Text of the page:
Indeed, [Buyer] in its summary judgment motion asserts that when it discovered the Holland 610 Loader was inoperable after its delivery in Mexico, [Seller] then promised to complete refurbishment but did not. This shows that even if the Loader was to initially have been refurbished prior to its shipment to Mexico, there are genuine issues of material fact about whether the parties agreed that it could be refurbished in Mexico once it was delivered there. Thus, there are also genuine issues of material fact as to whether the Holland 610 Loader was nonconforming when it arrived in Mexico.
I also find that there are genuine issues of material fact as to whether the risk ever passed to [Buyer]. As noted above, [Buyer] premises its claim for delivery of nonconforming goods on Article 36(1) of the CISG which provides that the seller is liable "for any lack of conformity [in the goods] which exists at the time when the risk passes to the buyer." Article 69(2) of the CISG governs the passage of risk "if the buyer is bound to take over the goods at a place other than a place of business of the seller." It provides that "the risk passes [to the buyer] when delivery is due and the buyer is aware of the fact that the goods are placed at his disposal at that place." Id.
I find that there are genuine issues of material fact as to where [Buyer] was bound to "take over" the Loader, i.e., at its point of origin in Montana or in Monclova, Mexico, and when it was required to "take over" the Loader, i.e., before or after it was refurbished. Accordingly, I find that there are genuine issues of material fact as to whether the risk passed to [Buyer]. Further, there are genuine issues of material fact as to whether the goods (the Holland 610 Loader) were ever placed at [Buyer]'s disposal. Thus, I find that summary judgment is properly denied to the extent [Buyer] relies on Article 36 of the CISG.
[Buyer] claims, however, that even if the parties agreed that the Loader was to be refurbished in Mexico, summary judgment is still appropriate. It relies on the provision that when a contract governed by the CISG does not fix a particular date or period of time for delivery of goods, "[t]he seller must deliver the goods ... within a reasonable time after the conclusion of the contract." CISG Art. 33. [Buyer] asserts that in no way can it be a reasonable time for delivery of the goods since the Loader was purchased in July 2008 and was still not delivered in May 2009 when [Buyer] asserts that it exercised its right to avoid the contract (and in fact, the Loader has still not been delivered).
Turning to my analysis, "[w]hat is a reasonable time depends on what constitutes acceptable commercial conduct in the circumstances of the case." Official Commentary to 1978 Draft of CISG Art. 33, P 8, reprinted at 2 Guide to the Int'l Sale of Goods Convention 20-240 (West 2009). Again, I find that there are genuine issues of material fact that preclude entry of judgment as to this issue, i.e., whether under the circumstances of this case [Seller] acted within a reasonable time frame as to delivery of the Loader. There is evidence in the record that the refurbishing would take some time (120 to 180 days) and that [Buyer] had indicated to [Seller] that it had no immediate need for the Loader due to a purported lack of commercially viable surface mineable coal in its Mexican concessions. Under these circumstances, a reasonable jury could find that [Seller]'s delay in refurbishing the Loader was reasonable. There is also the fact that in May 2009 [Buyer] indicated that it rejected the goods; if this is the case [Seller] arguably no longer had a duty to deliver the Loader to [Buyer]. Accordingly, I also deny summary judgment on this issue. See, e.g., Gonzales v. Duran, 590 F.3d 855, 861 (10th Cir. 2009) (a jury question exists "'when a disputed issues of material fact concerning the objective reasonableness of the defendant's actions exists'") (quotation omitted); Trout v. Nationwide Mut. Ins. Co., 316 Fed. Appx. 797, 2009 WL 721551, at *5 (10th Cir. 2009) (reasonableness of defendant's conduct "is a quintessential jury question which we would expect to survive summary judgment"); Yumukoglu v. Provident Life & Acc. Ins. Co., 36 Fed. Appx. 378, 2002 WL 1150814, at *3 (10th Cir. 2002) (reasonableness is generally a question for the jury).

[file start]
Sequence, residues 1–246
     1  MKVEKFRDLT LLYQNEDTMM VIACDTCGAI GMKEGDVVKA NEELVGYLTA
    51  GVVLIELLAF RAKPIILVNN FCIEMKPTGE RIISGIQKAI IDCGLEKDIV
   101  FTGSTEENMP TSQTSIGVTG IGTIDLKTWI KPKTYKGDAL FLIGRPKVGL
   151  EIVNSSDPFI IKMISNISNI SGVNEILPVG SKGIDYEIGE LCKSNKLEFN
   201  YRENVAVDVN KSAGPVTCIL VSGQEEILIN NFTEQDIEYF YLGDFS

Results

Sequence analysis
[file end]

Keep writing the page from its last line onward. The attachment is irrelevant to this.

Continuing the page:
Based upon the foregoing, it is
ORDERED that Defendant [Seller]'s Motion to Strike Declaration of Joseph Havlin in Support of Plaintiff's Motion for Summary Judgment (doc. # 14) is GRANTED IN PART AND DENIED IN PART consistent with this Order. It is
FURTHER ORDERED that Plaintiff's Motion for Partial Summary Judgment (doc. # 8) is DENIED.
1. See also Fleming v. Evans, No. CIV-05-690-C, 2010 U.S. Dist. LEXIS 2965, 2010 WL 199647, at *5-6 (W.D. Okla. Jan. 14, 2010) (rejecting argument that the affiant obtained personal knowledge "by virtue of his 'conversations and learning'"); West Ridge Group, L.L.C. v. First Trust Co. of Onaga, No. 07-cv-01587-WYD-BNB, 2009 U.S. Dist. LEXIS 18177, 2009 WL 641258, at *3 (D. Colo. March 10, 2009) (statements in affidavit were inadmissible which began "I am informed that..." as they were "clearly not based on the affidavits personal knowledge"; also, while the affidavit referred to terms in a note and deed of trust and his interpretation of same, it was unclear whether affiant actually reviewed these documents as he stated that he "talked" to others about the terms contained in those documents); Warren v. Liberty Mut. Fire Ins. Co., 505 F. Supp. 2d 770, 779 (D. Colo. 2007) (officer's statement that "[a]t the time of renewal of the Policy in March 2002, defendant sent the [Insureds] a copy of the Policy" was inadmissible under Rule 56(e) as he did not begin working for the defendant until after the accident and thus had no personal knowledge of the interaction between the parties), aff'd in part, rev'd in part on other grounds, 555 F.3d 1141 (10th Cir. 2009).Go to Case Table of Contents